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I think Cawn character is interesting but certainly not undefeatable. The trick isn't necessarily to counter them and there are a number of real-life tricks that politicians and the like use. Those types of rumour will grow and increasingly have chinese whisper style embellishments to make a better story. If the party are only being described as a group fitting a certain description then they could remain incognito and add to the rumour. Highlight the depraved leader's scar that resembles Orcus's skull - which of course doesn't fit the party. If the party are known and recognisable then this doesn't work. However, one could try fighting fire with fire and start their own rumours of an even more salacious variety and/or the party could go on a goodwill offensive and throw a good party and/or the party could own up to something trivial that is related and deflate the story, or all three. Rather than countering bluff with sense motive, they are countering bluff with bluff and diplomacy

If the party have succeeded in deflating the rumours, are buying goodwill by hosting a festival or the like and have started their own counter-rumours it will be very difficult for Cawn to create a new narrative.

The campaign wouldn't necessarily suck but would be very roleplay/interrelationship heavy and most people aren't into that and/or can't roleplay it well - especially bearing in mind it is the character's skills and not the player's skills that are meant to be on show.


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I've found that the only villain that the players really hate is one that defeats them repeatedly. Sure, the characters may hate the BBEG but the lieutenant who caused the party to flee. Then tracked them down to the village inn and burnt it down and then escaped from the players' next encounter is the one the players hate.


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Light cast on someone's eyes to blind them.
Light cast on a crossbow bolt that is subsequently fired to act as a distraction.
Transmute rock to mud on the top of a dungeon to bury the entire thing (pretty short adventure that)
Glyph of Warding (Sonic) at the entrance to the dungeon makes for a great doorbell. Gives the denizens plenty of time to prepare.


The whole hands of effort, twf, none handed weapons, more than two hands subject area.

Emanations


Generally, there should be someone on point to identify hazards in advance of the main party. This person should have a high perception and be reasonably stealthy. They should be ahead of the party but only by the closer of vision or one move action. If their stealth is high enough, there may be occasions when the opponent spots the main party before the one on point and gets caught off guard. At the back should be someone with a high AC and HP who can take a surprise hit from an ambush. The wizard should be in the middle.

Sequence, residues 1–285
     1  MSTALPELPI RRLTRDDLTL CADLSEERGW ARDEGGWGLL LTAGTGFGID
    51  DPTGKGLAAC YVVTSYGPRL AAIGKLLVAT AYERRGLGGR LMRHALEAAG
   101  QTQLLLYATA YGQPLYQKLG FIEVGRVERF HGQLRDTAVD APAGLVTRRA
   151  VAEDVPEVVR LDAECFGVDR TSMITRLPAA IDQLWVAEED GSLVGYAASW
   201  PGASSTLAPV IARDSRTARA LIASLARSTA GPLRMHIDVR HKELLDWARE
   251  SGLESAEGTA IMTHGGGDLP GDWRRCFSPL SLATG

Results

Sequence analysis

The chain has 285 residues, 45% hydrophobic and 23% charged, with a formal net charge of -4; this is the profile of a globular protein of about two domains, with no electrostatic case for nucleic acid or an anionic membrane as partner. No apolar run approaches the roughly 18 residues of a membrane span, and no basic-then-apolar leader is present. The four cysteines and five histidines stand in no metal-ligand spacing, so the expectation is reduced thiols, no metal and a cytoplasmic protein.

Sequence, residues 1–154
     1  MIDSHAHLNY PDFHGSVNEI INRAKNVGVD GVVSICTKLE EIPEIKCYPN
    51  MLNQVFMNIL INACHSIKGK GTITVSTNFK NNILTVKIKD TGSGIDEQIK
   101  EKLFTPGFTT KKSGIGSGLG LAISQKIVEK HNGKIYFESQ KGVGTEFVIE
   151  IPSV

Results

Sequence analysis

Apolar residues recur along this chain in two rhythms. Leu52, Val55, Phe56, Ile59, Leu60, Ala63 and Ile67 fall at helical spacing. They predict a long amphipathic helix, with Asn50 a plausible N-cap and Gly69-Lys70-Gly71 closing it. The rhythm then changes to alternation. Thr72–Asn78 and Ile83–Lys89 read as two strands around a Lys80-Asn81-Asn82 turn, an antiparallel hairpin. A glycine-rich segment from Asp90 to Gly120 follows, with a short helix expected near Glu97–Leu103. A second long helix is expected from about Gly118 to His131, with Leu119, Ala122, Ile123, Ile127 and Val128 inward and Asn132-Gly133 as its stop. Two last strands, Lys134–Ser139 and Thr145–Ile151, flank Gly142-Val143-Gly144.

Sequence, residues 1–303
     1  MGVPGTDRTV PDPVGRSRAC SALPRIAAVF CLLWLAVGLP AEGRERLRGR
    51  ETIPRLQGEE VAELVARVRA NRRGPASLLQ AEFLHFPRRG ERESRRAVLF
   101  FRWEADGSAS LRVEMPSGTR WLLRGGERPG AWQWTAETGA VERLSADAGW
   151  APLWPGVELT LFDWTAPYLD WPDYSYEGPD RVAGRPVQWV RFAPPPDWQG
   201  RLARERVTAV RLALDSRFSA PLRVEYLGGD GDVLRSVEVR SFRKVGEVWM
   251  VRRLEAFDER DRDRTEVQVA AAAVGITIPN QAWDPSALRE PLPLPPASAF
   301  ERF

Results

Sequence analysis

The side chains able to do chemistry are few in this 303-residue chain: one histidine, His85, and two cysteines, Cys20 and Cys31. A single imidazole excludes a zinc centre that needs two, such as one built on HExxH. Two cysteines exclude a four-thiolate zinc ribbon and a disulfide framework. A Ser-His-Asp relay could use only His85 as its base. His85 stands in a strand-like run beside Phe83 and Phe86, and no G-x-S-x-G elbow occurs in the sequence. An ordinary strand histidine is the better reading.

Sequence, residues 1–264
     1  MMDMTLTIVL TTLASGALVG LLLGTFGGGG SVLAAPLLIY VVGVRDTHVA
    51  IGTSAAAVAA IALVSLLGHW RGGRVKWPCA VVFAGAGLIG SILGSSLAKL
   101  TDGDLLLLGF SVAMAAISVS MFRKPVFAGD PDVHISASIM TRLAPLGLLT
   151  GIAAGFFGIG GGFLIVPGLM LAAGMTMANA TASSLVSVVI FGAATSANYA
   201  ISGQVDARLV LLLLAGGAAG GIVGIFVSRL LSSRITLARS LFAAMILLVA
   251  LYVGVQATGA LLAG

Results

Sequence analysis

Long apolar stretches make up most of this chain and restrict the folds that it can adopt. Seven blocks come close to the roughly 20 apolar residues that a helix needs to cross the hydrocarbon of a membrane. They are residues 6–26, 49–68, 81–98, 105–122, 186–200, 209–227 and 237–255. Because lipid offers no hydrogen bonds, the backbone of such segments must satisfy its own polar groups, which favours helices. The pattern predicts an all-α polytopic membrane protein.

Of course there are countless circumstances where something different should be done.


@Ryze Kuja: Now I am intrigued. What, if anything, do you consider to be the player's responsibility?


Ryze Kuja wrote:
Neriathale wrote:
Ryze Kuja wrote:

PC death is a big deal, so if you forgot a rule that would've saved their life, then it's the GM's responsibility to set it right. Retcon. Anything less is going to result in PC distrust in the GM.

I disagree. If the character death happened, the players roleplayed their reaction to it and the other characters are now being played as people who have lost a friend (even if it’s temporary and they can sort out a Raise Dead) then that’s the way the story went. Retconning is likely to make players distrust the ref as someone who isn’t willing to stand by their ref calls, and saying ‘you get a free Res because I screwed up’ is a bad precedent to set.

Characters die. It’s sad, but it’s an opportunity for the group to roleplay and the chance for the player to play something new and interesting.

If you kill my character that I've been playing for year due to a bad call by the ref and make no attempt to fix it then I'm probably not going to play with you anymore.

A free Raise Dead is entirely fair to both the DM to keep the story in-tact but also to the PC and their personal investment into that character.

Neriathale wrote:

Retconning is likely to make players distrust the ref as someone who isn’t willing to stand by their ref calls, and saying ‘you get a free Res because I screwed up’ is a bad precedent to set.

No, that's an excellent precedent to set. If you're the GM and you make a bad call or forget to implement a rule that ought to have been in play and kill a character because of your action or lack of action, then it's your responsibility to make it right and the PC's should know that you have the humility and accountability to take ownership for your mistakes.